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Amphibious Landings in South Vietnam

The fleet provided direct support to the campaign in South Vietnam with its long-established Amphibious Ready Group and Special Landing Force (ARG/SLF). The powerful, versatile, and mobile formation capable of striking along the length of the South Vietnamese littoral and far inland.

Initially, the ARG usually consisted of three or four ships, including an amphibious assault ship (LPH), a dock landing ship (LSD), an attack transport (APA) or an amphibious transport dock (LPD), and a tank landing ship (LST). Other amphibious vessels often augmented this force. The Marine SLF was composed of a medium helicopter squadron equipped with 24 UH-34s and embarked in the LPH. An infantry battalion landing team, reinforced with artillery, armor, engineer, and other support units, comprised the ground combat element. These men and their equipment were divided among the ships, enabling landings on shore by helicopter, by the force's 41 organic tracked landing vehicles (LVT), or by both methods.

The fleet provided additional assistance for amphibious operations, including carrier air cover, naval gunfire support, supply by the Logistic Support Force (Task Force 73), and medical support by hospital ships Repose (AH 16) and Sanctuary (AH 17) positioned close offshore. Naval personnel also served in Marine units as medical corpsmen, chaplains, and spotters, the latter in 1st Air and Naval Gunfire Liaison Company detachments. Furthermore, underwater demolition team, SEAL, beachmaster, and special communications beach jumper units supported operations on shore.

At various times during the war, transport submarines Perch (APSS 313), Tunny (APSS 282), and Grayback (LPSS 574) carried Navy underwater demolition teams, SEALs, and South Vietnamese marines to points off prospective landing beaches. Once there, the naval special warfare men silently exited the boats, swam or rowed rubber rafts through the surf, and carried out vital reconnaissance or other special operations ashore.

The Seventh Fleet's Commander Amphibious Task Force (Commander Task Force 76) exercised operational control of the ARG (Task Group 76.5) and the SLF (Task Group 79.5) at sea. With the deployment of another ARG/SLF, assigned the designations 76.4 and 79.4, respectively, to the South China Sea in April 1967, the amphibious flotilla was divided into ARG/SLF Alpha and ARG/SLF Bravo.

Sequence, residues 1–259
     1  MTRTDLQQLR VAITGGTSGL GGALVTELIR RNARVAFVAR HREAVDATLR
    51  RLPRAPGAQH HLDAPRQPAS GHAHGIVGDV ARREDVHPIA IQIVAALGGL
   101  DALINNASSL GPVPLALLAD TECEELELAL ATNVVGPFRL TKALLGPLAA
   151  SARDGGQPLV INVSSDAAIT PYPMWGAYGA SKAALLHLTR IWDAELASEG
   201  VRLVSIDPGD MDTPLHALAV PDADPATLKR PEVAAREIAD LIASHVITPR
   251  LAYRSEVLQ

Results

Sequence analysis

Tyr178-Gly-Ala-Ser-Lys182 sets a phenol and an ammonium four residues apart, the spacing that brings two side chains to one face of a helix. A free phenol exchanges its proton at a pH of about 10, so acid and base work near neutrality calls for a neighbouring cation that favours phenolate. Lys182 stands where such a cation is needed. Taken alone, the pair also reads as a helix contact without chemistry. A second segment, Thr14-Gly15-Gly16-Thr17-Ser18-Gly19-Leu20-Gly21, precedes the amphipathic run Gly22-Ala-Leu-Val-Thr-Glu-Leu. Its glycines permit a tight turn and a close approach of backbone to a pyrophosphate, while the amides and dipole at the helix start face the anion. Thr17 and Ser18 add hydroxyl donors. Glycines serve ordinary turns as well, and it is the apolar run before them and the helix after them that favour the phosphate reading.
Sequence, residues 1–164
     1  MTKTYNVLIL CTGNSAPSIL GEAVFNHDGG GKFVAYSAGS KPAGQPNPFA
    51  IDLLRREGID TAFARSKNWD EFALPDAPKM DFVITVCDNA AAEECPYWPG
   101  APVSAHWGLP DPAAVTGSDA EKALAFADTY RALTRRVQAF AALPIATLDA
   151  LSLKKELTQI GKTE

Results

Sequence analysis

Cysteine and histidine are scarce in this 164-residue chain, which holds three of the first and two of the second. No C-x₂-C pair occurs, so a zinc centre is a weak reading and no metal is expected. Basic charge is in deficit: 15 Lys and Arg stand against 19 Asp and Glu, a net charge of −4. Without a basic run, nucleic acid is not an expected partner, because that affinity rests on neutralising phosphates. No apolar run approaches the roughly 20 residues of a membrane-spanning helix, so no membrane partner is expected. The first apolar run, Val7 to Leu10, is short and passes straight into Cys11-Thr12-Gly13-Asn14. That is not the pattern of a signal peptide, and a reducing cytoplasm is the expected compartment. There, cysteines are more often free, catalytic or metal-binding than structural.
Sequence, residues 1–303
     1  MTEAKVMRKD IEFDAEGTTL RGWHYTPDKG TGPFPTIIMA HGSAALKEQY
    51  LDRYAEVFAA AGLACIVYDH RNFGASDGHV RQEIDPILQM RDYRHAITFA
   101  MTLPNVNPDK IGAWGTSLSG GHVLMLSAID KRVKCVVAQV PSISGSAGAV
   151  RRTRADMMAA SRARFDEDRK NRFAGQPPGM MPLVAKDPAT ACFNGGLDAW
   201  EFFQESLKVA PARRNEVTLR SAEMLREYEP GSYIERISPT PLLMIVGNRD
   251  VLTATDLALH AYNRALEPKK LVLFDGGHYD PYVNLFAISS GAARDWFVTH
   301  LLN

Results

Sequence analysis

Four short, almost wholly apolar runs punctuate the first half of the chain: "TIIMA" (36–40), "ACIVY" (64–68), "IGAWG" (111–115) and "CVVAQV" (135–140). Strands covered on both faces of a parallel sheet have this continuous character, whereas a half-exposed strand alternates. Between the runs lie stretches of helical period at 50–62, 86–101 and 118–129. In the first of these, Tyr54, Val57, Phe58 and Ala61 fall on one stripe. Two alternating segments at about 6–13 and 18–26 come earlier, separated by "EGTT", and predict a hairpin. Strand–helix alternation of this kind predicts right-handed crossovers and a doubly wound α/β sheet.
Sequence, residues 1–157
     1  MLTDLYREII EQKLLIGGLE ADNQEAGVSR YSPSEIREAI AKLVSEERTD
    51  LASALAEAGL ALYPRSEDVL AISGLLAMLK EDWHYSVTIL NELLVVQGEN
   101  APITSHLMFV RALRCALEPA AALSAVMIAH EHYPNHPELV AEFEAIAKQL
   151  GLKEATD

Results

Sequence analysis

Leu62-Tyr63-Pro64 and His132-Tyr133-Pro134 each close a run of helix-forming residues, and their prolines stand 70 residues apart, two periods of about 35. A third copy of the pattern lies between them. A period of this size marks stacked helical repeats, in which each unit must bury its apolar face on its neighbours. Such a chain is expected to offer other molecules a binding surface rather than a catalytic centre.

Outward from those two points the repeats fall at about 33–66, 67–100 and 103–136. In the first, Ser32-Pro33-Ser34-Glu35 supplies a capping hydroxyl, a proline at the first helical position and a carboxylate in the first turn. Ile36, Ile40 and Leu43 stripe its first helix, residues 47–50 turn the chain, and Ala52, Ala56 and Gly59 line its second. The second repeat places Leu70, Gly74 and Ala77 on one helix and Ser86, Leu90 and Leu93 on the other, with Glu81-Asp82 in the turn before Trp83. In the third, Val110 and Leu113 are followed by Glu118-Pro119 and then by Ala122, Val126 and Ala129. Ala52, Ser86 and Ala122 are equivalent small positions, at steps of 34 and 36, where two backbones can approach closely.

A battalion of the 9th Marines was one of the first units to land in Vietnam following the decision to commit Marine forces against the Viet Cong. On 8 March 1965, BLT (Battalion Landing Team) 3/9, commanded by Lieutenant Colonel Charles E. McPartllin, Jr., landed in Da Nang in central Vietnam as part of the 9th Marine Expeditionary Brigade. Although clearly communicating that the Marines had arrived, the landing was an administrative landing in friendly territory, rather than an assault landing on an enemy-held beach.

Following the landing on 8 March 1965 of Marine forces at Danang, which marked the beginning of a new era in America's Southeast Asian involvement, naval leaders awaited additional amphibious shipping and prepared plans for employing the ARG/SLF against the enemy. In the interim, the task group protected Qui Nhon until Army units arrived, and covered the landing in II Corps of the Army's 1st Cavalry Division.

During this preparation, the U.S. command took advantage of good intelligence to launch Operation Starlite, perhaps the greatest amphibious success of the war. Discovering that the 1st Viet Cong Regiment planned to attack the Marine enclave at Chu Lai from a coastal village 12 miles to the south, General Westmoreland directed the III Marine Amphibious Force, the chief Marine command in South Vietnam, to preempt the assault and destroy the 1,500-man enemy unit. Between 18 and 25 August, a cruiser and two destroyers poured accurate naval gunfire on the enemy concentration as the Seventh Fleet Amphibious Ready Group landed Marine units on the beach. Other elements were helicoptered inland from Iwo Jima (LPH 2) and Chu Lai. By the end of the week-long battle, the 1st Viet Cong Regiment was pushed up to the sea by three Marine and two South Vietnamese battalions and then pounded by air and naval gunfire. At the cost of 45 Marines killed and 203 wounded, the allied force inflicted 623 casualties on the enemy unit, putting it out of action for some time.

Seeking to complete the destruction of the Viet Cong unit that had withdrawn further south to the Batangan Peninsula, in September U.S. Navy, U.S. Marine, and South Vietnamese forces, including Coastal Force elements, conducted Operation Piranha. Learning from the costly Starlite setback, however, the Communists now avoided pitched battles on the coast and evaded the allied search. Although 178 enemy soldiers were reported killed, contact was light throughout the action.